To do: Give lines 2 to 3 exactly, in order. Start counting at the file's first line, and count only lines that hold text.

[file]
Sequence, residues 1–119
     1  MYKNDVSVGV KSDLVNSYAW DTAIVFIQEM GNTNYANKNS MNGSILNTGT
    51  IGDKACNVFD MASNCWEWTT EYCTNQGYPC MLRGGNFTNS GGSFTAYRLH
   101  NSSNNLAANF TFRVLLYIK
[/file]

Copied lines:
     1  MYKNDVSVGV KSDLVNSYAW DTAIVFIQEM GNTNYANKNS MNGSILNTGT
    51  IGDKACNVFD MASNCWEWTT EYCTNQGYPC MLRGGNFTNS GGSFTAYRLH